Review: ‘Peter Pan & Wendy’ stays faithful to its roots, for better or worse

Tinker Bell
Image via Peter Pan & Wendy/Disney

Judging by the themes explored and the direction taken in Peter Pan & Wendy, co-writer and director David Lowery seems to have been at least somewhat immersed in the long academic and theoretical history of the iconic source material. Whether or not he read the academic Michael Egan’s essay “The Neveland of Id: Barrie, Peter Pan, and Freud” is up for debate, but the complexities of the story shine through this film thanks to its somewhat feminist focus, even if the actual content of the movie is lacking in parts.

Peter Pan & Wendy follows a relatively similar path to Disney’s beloved 1953 animated classic, although as the title suggests, there is a bit more of a focus on Wendy. The night before she’s due to leave for boarding school, Wendy Darling (Ever Anderson) is playing “Peter Pan” with her brothers, which leads to a broken mirror. After being told to grow up by her strict father, Wendy wishes for the opposite.

Later that night, Peter (Alexander Molony) and Tinkerbell (Yara Shahidi) enter the bedroom the three Darling children share, before taking them off (or kidnapping them, depending on your interpretation) to Neverland. Here, they gallivant around, battle with Hook (Jude Law) and his pirates, and get into plenty of other dangerous situations, before eventually being returned to their parents back in the real world, where Wendy learns that we all have to grow up sometime (except Peter, of course).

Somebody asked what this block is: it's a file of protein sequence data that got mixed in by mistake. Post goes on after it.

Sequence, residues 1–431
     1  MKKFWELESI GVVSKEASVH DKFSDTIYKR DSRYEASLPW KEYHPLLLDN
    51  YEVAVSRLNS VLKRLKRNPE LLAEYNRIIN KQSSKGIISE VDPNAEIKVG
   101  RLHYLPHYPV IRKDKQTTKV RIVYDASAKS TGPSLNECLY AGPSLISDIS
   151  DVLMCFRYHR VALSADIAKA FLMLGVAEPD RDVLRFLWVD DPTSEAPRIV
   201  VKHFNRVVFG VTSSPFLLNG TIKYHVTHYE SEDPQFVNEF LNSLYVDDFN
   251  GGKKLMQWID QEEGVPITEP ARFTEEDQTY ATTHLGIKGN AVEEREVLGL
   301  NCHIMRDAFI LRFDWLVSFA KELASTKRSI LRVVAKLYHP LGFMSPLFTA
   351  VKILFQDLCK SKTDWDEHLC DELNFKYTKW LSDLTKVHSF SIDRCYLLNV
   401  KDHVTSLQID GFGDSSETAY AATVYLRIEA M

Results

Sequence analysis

As a piece of entertainment, the film is more than adequate. Kids will enjoy it, and there’s enough in there for adults to get a kick out of too (mostly Law’s performance, which is genuinely awards-worthy). The emotional arcs of Peter and Wendy are handled with care, and there’s enough at stake in emotional terms to make viewers really care about the characters. Like all live-action Disney remakes, it doesn’t really have the charm of its animated predecessor, but compared to some of the recent abominations, the use of real actors and CGI isn’t handled too badly. With that said, the overarching theme – that growing up is scary but also an adventure – is hammered into the viewer’s consciousness with some very instructive, occasionally wooden dialogue.

The film slathers on the nostalgia from the off, which will undoubtedly help older viewers get into the Neverland spirit. It’s also fast-paced, with Pan showing up within the first 10 minutes, and the Darlings all in Neverland by the 20th. The musical score is utilized excellently, heightening emotion both subtly yet powerfully. And, while the animated Pan surpasses this one in terms of aesthetics, Peter Pan & Wendy offers us some truly delicious shots of Neverland (filmed across various locations in Canada) as well as the classic, slightly trippy visuals a lot of the old Disney films had.

There are a few issues with the film, though. While it’s a little harsh to comment too much on children’s acting abilities, the leads are unconvincing at times. Wendy’s over-the-top received pronunciation accent might not jar too much with American and international audiences, but as a Brit it brought back memories of Dick van Dyke in Mary Poppins.